Goals

Portland: 15′ Ryan Johnson, 67′ Darlington Nagbe

Seattle: 90′ Osvaldo Alonso

Lineups

SEATTLE: Marcus Hahnemann; Zach Scott (63′ Mauro Rosales), Jhon Kennedy Hurtado, Djimi Traoré, Leo González (84′ Marc Burch); Brad Evans, Osvaldo Alonso, Adam Moffat (77′ Shalrie Joseph); Clint Dempsey; Eddie Johnson, Lamar Neagle

Unsued Subs: Doug Hendrick, David Estrada, Patrick Ianni, Andy Rose

PORTLAND: Donovan Ricketts; Jack Jewsbury, Futty Danso, Pa Modou Kah, Michael Harrington; Will Johnson, Diego Chará; Darlingon Nagbe (73′ Ben Zemanski), Diego Valeri (62′ Kalif Alhassan), Rodney Wallace; Ryan Johnson (83′ Jose Valencia)

Unused Subs: Milos Kosic, Andrew Jean-Baptiste, Sal Zizzo, Frederic Piquionne

Fabinho admits interest in Manchester United

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If even a fraction of this summer’s transfer interest is real, Manchester United manager Jose Mourinho has taken every precaution against his biggest 2017 enemy: scheduled congestion.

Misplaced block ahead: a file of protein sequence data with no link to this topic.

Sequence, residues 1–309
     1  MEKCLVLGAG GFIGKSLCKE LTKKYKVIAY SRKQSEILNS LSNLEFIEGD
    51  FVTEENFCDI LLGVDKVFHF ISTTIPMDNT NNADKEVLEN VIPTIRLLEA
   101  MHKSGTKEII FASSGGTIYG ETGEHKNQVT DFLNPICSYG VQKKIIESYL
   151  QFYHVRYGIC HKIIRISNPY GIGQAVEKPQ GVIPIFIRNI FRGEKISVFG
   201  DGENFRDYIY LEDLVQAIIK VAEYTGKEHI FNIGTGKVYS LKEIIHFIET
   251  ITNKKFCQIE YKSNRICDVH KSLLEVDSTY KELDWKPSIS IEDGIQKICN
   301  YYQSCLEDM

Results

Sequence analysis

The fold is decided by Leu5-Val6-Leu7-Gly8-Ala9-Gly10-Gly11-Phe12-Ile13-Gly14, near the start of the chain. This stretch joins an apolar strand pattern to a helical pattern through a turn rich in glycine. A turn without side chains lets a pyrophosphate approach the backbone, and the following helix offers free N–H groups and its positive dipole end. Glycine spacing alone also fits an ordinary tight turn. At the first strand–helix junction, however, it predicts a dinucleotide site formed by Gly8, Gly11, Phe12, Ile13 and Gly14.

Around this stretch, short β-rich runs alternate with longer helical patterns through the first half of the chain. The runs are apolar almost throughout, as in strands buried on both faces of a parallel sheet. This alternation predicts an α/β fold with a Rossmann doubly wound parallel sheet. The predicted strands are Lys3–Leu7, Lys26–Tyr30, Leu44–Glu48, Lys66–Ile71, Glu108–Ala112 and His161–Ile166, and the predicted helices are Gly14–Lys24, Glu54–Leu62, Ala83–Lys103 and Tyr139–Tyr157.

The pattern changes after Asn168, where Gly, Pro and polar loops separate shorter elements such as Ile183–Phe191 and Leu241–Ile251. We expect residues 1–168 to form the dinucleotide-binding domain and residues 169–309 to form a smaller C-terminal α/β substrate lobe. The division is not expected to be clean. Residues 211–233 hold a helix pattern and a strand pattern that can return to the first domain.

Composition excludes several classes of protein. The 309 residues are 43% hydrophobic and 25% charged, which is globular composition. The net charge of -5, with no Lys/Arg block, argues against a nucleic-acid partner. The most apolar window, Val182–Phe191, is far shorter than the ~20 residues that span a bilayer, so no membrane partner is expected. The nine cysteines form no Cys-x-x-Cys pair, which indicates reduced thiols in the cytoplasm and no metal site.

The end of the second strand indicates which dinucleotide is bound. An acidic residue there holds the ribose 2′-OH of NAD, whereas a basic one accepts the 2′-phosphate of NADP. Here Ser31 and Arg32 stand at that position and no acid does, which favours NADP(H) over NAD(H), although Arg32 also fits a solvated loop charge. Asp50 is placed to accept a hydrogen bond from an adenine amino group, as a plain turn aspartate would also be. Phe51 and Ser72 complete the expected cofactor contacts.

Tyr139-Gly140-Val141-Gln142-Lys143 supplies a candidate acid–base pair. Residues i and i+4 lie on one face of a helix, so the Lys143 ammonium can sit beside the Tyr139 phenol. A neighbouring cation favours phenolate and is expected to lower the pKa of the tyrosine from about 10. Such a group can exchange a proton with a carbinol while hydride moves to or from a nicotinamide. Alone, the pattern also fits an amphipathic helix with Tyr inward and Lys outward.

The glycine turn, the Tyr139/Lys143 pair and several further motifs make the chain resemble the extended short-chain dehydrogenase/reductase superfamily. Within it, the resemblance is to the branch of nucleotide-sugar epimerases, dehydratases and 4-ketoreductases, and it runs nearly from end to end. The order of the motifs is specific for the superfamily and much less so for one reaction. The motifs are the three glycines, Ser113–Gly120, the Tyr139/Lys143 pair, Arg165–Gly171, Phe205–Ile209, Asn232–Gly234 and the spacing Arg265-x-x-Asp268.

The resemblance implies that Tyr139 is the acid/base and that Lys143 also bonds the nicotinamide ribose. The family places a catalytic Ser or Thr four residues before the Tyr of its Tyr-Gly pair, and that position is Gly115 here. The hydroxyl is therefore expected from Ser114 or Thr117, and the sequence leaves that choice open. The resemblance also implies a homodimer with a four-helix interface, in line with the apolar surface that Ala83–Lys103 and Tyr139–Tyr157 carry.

Mourinho was a regular critic of United’s schedule last season in the run-up to its UEFA Europa League title win over Ajax, and is building his roster up for the UEFA Champions League.

[ MORE: Saief completes USMNT switch ]

The manager already had plenty of attacking options, and has added Victor Lindelof to his stable of defenders while reportedly flirting with PSG’s Marquinhos, too. Defensive midfielder Nemanja Matic is also a reported target (as are half of the world’s elite footballers).

And now, a wry smile from Monaco’s Fabinho hints that Mourinho may be making progress with another target.

‘‘It’s a tempting invitation. … I would first talk to my agent, Monaco too, to decide everything right. But it’s a great club, sure enough I would think well about it.”